Who has the equipment to check evenness of grind? Is there a way to
detect this with a magnifying glass, or by =
feel?
=
Arial9999,0000,0000
I've been using a couple of under-$100 grinders for more than 10
years, with no detectable problems.
=
Arial9999,0000,0000
I'm not saying my coffee wouldn't be better with a more even grind,
but until I have a measurable basis for assessing evenness, I'm not
ready to pour money into it.
=
Arial9999,0000,0000
The one annoyance with both my grinders is static electricity, but I
believe that some expensive grinders have this complaint as =
well.
=
Arial9999,0000,0000
Dave S.
9999,0000,0000 R.N.Kyle wrote:
9999,0000,0000>. I wasted allot of money trying
to save money and it
9999,0000,0000 was a waste of time and money.
save and buy one that will last a life time.
9999,0000,0000 RK
9999,0000,0000
=
Arial9999,0000,0000The
Maestro Plus is not the grinder to buy if your main drink is Espresso,
it will hold up well for drip and press, but will not last a life
time. Actually it is better to save your money and buy a Rocky or a
Masser Mini. these girders will with reasonable care last a life time
and the burr sets are replaceable.
=
Arial9999,0000,0000
RK
9999,0000,0000

11) From: R.N.Kyle
This is a multi-part message in MIME format.
<Snip>
<Snip>
Then if experience is not enough, then I suggest that go out and spend =
the money I have already spent and do the testing yourself. I was merely =
trying to save someone the money  and the constant upgrading that I and =
many others have already been thru to end up with a Rocky or Mini, or =
higher end grinder
Some of us are more particular with our equipment then others, and maybe =
a low level burr grinder will do just fine for some people. After all =
the final judgment is in the cup, and not everyone's needs, or tastes =
are the same. 
RK

12) From: Jeffrey A. Bertoia
This is a multi-part message in MIME format.
Maryann & Dave Schellenberg wrote:
<Snip>
That was kind...  Many of us feel that the Solis 166, 177, Maestro, 
Maestro+ are not very good
at all let alone for espresso.  This also extends to most of the other 
plastic housed grinders.
<Snip>
The problem is not necessarily one of even grind in the beginning but 
the fact that since
the burrs are not rigidly mounted in metal they wobble and can touch 
when grinding for
espresso and turkish.  This immediately dulls them and in the solis one 
side of the burr
is not replaceable.
<Snip>
Screens are used to determine grind eveness and iirc Jim Gundlach at 
least has a set.
<Snip>
Good for you.  I went through 2 in less than 3 years.
<Snip>
Then don't but the recommendations from Ron, Jim, Les, MM, myself and 
others are based
on experience.
<Snip>
To the best of my knowledge _none_ of the metal housed grinders exhibit 
any static problems.
Certainly neither my Rocky or my La Pavoni Zip exhibits any static 
issues at all.  The static
in my Solis was so bad the drop chute used to jam regularly.  I did 
manage to use the static in
my Braun to my advantage though.  It was strong enough that the fines 
got stuck on the side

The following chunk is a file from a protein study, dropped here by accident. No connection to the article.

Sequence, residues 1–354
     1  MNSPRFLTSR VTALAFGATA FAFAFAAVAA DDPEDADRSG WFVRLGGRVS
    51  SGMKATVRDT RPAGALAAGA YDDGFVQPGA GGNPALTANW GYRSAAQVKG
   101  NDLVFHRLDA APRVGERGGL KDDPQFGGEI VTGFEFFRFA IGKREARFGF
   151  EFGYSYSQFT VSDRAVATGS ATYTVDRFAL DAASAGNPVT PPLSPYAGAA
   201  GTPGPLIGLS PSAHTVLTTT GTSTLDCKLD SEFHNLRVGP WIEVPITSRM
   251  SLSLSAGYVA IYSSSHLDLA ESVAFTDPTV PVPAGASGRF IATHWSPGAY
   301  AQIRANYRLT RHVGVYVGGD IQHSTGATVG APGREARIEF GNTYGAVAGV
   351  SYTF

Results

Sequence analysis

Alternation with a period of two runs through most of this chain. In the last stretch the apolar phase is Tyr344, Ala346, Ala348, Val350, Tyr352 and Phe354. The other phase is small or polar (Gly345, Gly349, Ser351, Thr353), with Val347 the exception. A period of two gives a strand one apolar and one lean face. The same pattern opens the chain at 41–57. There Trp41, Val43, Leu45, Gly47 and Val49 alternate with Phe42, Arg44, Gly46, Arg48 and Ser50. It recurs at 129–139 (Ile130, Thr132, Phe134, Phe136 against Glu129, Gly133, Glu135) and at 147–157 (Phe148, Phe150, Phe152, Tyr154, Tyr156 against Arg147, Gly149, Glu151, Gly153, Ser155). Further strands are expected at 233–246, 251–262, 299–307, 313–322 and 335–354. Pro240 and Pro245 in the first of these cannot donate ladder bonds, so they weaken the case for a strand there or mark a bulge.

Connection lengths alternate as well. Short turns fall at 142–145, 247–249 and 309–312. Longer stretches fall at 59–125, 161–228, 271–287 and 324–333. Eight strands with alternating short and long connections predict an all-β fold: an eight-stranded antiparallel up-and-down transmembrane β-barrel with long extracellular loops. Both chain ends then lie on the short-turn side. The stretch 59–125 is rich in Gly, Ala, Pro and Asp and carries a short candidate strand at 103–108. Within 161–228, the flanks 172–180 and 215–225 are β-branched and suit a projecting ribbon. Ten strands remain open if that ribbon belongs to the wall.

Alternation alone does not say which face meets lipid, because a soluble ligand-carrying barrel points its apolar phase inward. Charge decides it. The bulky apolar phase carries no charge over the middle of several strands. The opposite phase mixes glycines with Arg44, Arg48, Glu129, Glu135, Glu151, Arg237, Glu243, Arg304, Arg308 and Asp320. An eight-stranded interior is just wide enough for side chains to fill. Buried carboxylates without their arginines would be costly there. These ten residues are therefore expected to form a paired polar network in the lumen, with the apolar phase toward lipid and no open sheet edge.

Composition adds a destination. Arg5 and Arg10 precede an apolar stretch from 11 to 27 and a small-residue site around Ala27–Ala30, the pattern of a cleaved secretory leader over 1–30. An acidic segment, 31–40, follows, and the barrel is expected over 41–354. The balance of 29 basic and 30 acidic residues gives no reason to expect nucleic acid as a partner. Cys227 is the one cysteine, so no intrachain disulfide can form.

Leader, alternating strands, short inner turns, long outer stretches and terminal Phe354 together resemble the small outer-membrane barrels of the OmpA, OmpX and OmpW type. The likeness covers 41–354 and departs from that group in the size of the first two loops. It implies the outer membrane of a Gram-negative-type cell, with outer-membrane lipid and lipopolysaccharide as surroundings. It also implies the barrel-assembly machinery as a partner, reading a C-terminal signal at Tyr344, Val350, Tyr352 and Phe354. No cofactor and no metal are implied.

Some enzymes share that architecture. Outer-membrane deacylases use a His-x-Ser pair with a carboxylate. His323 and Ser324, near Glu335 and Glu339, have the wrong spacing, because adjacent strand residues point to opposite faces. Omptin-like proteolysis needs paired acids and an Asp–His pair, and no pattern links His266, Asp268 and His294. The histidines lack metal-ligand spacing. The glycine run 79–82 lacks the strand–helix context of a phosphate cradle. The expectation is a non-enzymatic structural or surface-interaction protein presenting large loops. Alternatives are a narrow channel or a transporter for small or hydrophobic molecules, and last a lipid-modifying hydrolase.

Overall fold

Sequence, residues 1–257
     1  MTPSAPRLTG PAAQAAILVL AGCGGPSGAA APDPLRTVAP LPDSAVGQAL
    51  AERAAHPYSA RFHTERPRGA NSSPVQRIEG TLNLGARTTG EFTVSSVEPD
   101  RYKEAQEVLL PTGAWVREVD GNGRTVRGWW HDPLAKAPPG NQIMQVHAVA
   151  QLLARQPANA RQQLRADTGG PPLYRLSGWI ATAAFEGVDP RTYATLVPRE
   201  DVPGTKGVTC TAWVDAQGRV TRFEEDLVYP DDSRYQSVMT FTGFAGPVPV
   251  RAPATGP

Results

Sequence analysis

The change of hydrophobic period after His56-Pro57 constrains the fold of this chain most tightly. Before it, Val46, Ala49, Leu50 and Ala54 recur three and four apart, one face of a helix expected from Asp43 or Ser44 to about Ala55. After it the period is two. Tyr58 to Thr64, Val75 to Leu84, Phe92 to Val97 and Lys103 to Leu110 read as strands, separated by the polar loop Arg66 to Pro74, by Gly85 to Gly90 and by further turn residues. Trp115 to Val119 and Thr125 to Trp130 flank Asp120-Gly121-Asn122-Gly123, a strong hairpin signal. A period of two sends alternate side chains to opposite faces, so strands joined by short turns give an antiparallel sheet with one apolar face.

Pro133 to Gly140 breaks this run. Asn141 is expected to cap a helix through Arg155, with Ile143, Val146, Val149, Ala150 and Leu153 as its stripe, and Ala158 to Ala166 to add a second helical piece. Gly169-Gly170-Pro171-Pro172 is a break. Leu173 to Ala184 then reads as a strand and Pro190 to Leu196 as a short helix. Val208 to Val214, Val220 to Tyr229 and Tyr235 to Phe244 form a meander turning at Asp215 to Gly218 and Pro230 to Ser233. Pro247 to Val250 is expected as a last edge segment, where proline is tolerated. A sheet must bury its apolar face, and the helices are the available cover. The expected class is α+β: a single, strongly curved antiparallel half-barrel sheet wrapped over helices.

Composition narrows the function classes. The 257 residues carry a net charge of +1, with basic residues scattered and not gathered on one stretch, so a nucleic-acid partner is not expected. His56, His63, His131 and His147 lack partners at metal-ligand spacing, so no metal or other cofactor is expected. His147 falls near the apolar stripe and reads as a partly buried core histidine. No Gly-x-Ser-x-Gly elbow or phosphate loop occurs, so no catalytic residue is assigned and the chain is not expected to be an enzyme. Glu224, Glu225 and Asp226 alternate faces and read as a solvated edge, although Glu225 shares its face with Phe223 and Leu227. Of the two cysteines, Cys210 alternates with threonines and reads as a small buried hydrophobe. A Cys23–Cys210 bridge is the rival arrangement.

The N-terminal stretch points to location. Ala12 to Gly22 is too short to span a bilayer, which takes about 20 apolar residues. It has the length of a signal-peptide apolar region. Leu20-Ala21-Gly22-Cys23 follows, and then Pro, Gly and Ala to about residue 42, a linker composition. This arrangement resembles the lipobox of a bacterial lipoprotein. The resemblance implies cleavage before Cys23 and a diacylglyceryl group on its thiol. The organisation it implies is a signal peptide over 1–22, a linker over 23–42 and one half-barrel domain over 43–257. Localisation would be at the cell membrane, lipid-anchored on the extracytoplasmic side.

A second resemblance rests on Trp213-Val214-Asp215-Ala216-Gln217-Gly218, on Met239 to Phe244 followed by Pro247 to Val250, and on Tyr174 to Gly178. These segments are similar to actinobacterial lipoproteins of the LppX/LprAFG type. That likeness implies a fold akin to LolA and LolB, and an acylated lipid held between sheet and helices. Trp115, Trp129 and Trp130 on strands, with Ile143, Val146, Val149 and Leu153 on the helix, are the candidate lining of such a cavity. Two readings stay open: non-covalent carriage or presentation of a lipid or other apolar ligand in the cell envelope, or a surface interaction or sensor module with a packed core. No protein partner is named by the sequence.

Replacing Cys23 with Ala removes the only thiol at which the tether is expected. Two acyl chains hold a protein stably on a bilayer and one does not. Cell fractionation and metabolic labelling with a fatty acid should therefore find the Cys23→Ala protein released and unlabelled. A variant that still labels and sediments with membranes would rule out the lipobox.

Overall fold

of the canister so that they did not get mixed into the grounds :)
jeff
<Snip>

13) From: Ben Treichel
Maryann & Dave Schellenberg wrote:
<Snip>
Most people know for a fact that an uneven grind affects the quality, 
however I suggest that you prove it to yourself and then bring us the facts.
(Gin feel free to express some thought to this troll)
<Snip>
-- 
Ben Treichel
Program Manager
S.E Michigan
SwRI
248-232-7365 (o)
248-935-6845 (m)

14) From: John Blumel
<Snip>
Why is it that whenever a new person questions the established opinions 
of the list, on virtually any topic, that they get labeled a troll? Are 
we so insecure in our opinions and 'facts' that anyone who doesn't just 
take our word for it is perceived as a threat? How can a person new to 
the list possibly know what has been discussed in the past and what has 
been said about it?
John Blumel

15) From: Barry Luterman
This is a multi-part message in MIME format.
Perhaps I can help from personal experience, Although, I have never =
measure fineness of ground etc. My personal empirical results have shown =
a burr grinder to be the best. I too am a brewed coffee drinker. When I =
started in my quest for the perfect cup of coffee I used a blade =
grinder. I finally became convinced that the grinder was one of the most =
important variables in achieving my goal. However, I was not ready to =
spend $300 or so at that point to achieve my goal. I bought the =
Zassenhaus 169 DG.http://www.sweetmarias.com/prod.zas.shtmlfor under =
$100. My coffee improved (in my estimation) at least 25%. In addition, I =
am able to repeat my results over and over again. The reliability =
(repeatability) is absent with a blade grinder. If I ever decide to =
upgrade to an electric grinder. My Zass is nice enough to be displayed =
in my home. I hope this helps

16) From: Lesley Albjerg
Dave,
If you look through the archives you will see that Pecan Jim did some objective testing with a multitude of screens to check evenness of grind in various grinders.  Believe me, if you came to my house and brought your grinder (I don't care what brew method you use) and your homeroasted beans, and we did a head on test with my Mazzer Super Jolly (you pick the brew method) adjusted to the proper grind for the brew method vs. your cheap grinder, after one cup you would have a BIG problem with your cheap grinder!  My vac pot brewed Tegu this morning was so smooth.  One of the big reasons was nice even extraction because my grind is very consistant.  Poor Pecan Jim, always the teacher!
 
Les
Pecan Jim Gundlach  wrote:
I'm amazed how people come to a list where people share their 
experiences and when people tell them what they have learned, they 
come back and say they don't like what they hear and they won't listen.
Jim Gundlach
On Jul 25, 2004, at 2:28 PM, Maryann & Dave Schellenberg wrote:
<Snip>

17) From: R.N.Kyle
<Snip>
Here are some hard facts on a few grinders that Jim Gunlach tested a year or
2 ago. There is not much that has not been discussed in length on this list
and it is kept in the archives for all to search and read. Click on the link
below and read about Jims testing with screens.http://themeyers.org/cgi-bin/nopre.cgi/HomeRoast/Topic5672.htmRon

18) From: R.N.Kyle
This is a multi-part message in MIME format.